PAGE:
The Virginia Senate this afternoon gave approval to a landmark transportation funding package that will raise $880 million a year for roads construction, maintenance and mass transit through a series of tax increases on fuel and purchases.

Senators in the evenly divided chamber voted 25-15 in favor of House Bill 2313, which on Friday cleared the House of Delegates on a bipartisan 60-40 vote.

The bill, which now heads to Gov. Bob McDonnell, is the most significant funding package for transportation in Virginia since lawmakers agreed to raise the per gallon tax on gasoline in 1986.

“This is a historic day in Virginia," McDonnell said in a statement. "We have worked together across party lines to find common ground and pass the first sustainable long-term transportation funding plan in 27 years. There is a ‘Virginia Way’ of cooperation and problem solving, and we saw it work again today in Richmond."

When fully phased in, the plan will raise more than $500 million to erase the looming deficit in the state's road maintenance budget, while funding new roads construction, mass transit, and providing additional dollars for Hampton Roads and Northern Virginia, the most congested regions in the commonwealth.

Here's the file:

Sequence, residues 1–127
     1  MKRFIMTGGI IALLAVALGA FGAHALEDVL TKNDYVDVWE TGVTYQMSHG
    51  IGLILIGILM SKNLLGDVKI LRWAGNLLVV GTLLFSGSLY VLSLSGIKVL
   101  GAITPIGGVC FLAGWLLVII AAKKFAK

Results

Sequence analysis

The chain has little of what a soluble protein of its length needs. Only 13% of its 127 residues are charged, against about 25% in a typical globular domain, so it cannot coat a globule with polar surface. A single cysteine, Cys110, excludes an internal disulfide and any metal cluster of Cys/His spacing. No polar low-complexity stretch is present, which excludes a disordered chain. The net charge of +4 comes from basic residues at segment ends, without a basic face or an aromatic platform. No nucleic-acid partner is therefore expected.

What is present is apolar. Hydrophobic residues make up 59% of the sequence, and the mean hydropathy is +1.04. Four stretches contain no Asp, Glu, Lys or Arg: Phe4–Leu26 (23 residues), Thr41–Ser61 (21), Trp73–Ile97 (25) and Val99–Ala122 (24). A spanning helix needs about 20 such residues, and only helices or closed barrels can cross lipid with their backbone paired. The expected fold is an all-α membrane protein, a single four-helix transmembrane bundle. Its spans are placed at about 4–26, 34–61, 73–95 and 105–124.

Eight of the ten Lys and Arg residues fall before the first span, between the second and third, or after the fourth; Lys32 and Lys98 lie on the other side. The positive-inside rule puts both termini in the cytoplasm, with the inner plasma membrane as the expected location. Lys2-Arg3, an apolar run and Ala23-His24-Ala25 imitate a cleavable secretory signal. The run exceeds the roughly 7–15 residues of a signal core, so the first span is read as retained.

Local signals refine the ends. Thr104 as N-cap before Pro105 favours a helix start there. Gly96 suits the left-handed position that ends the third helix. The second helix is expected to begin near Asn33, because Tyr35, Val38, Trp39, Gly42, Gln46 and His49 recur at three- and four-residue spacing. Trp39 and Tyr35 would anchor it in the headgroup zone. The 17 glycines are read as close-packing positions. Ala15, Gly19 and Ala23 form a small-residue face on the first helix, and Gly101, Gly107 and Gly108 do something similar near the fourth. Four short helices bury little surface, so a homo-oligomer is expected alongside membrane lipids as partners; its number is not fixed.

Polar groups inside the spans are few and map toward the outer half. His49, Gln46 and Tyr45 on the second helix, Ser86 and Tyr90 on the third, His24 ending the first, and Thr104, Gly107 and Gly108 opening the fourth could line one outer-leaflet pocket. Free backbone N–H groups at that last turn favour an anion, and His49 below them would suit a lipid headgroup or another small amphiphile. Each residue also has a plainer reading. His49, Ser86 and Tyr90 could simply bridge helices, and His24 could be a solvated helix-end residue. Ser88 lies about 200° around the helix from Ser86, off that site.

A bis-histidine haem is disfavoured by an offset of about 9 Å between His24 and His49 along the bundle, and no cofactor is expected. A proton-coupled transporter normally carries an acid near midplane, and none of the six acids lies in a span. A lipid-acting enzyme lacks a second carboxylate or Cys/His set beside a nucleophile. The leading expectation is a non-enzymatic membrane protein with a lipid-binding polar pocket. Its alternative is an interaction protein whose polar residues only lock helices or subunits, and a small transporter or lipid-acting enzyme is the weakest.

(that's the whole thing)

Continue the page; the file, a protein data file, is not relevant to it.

Supporters said the plan will be a sustainable, dedicated funding stream to Virginia's overburdened transportation infrastructure, considered critical to maintaining the state’s economic vitality. Opponents, meanwhile, criticized the number of tax increases packed into the measure and argued that a transportation fix should rely more heavily on those who use the roads.

"This is not a perfect bill... but it solves a problem," said Sen. John C. Miller, D-Newport News.

The legislation:

* Replaces the per gallon tax with a 3.5 percent tax on gasoline at the wholesale level and a 6 percent wholesale tax on diesel fuel, with a rebate available to clean diesel vehicle owners.

* Raises the state sales tax from 5 percent to 5.3 percent

* Increases the motor vehicle sales tax from 3 percent to 4.3 percent.

* Increases the amount of general fund revenue spent on transportation from .5 percent to .675 percent

* Provides for a .7 percent sales tax increase in Hampton Roads and Northern Virginia to fund local roads improvements in the state's msot congested regions

* Draws funds from future Internet sales tax proceeds if Congress passes the Marketplace Equity Act. If the act fails, the revenue would be replaced through an additional 1.6 percent tax applied to the wholesale gasoline tax.

* Prohibits tolling on I-95 toll south of Fredericksburg without General Assembly approval.

* Imposes a $100 registration fee on alternative fuel vehicles and hybrids.

“This is a historic day in Virginia," McDonnell said in a statement. "We have worked together across party lines to find common ground and pass the first sustainable long-term transportation funding plan in 27 years. There is a ‘Virginia Way’ of cooperation and problem solving, and we saw it work again today in Richmond."

 

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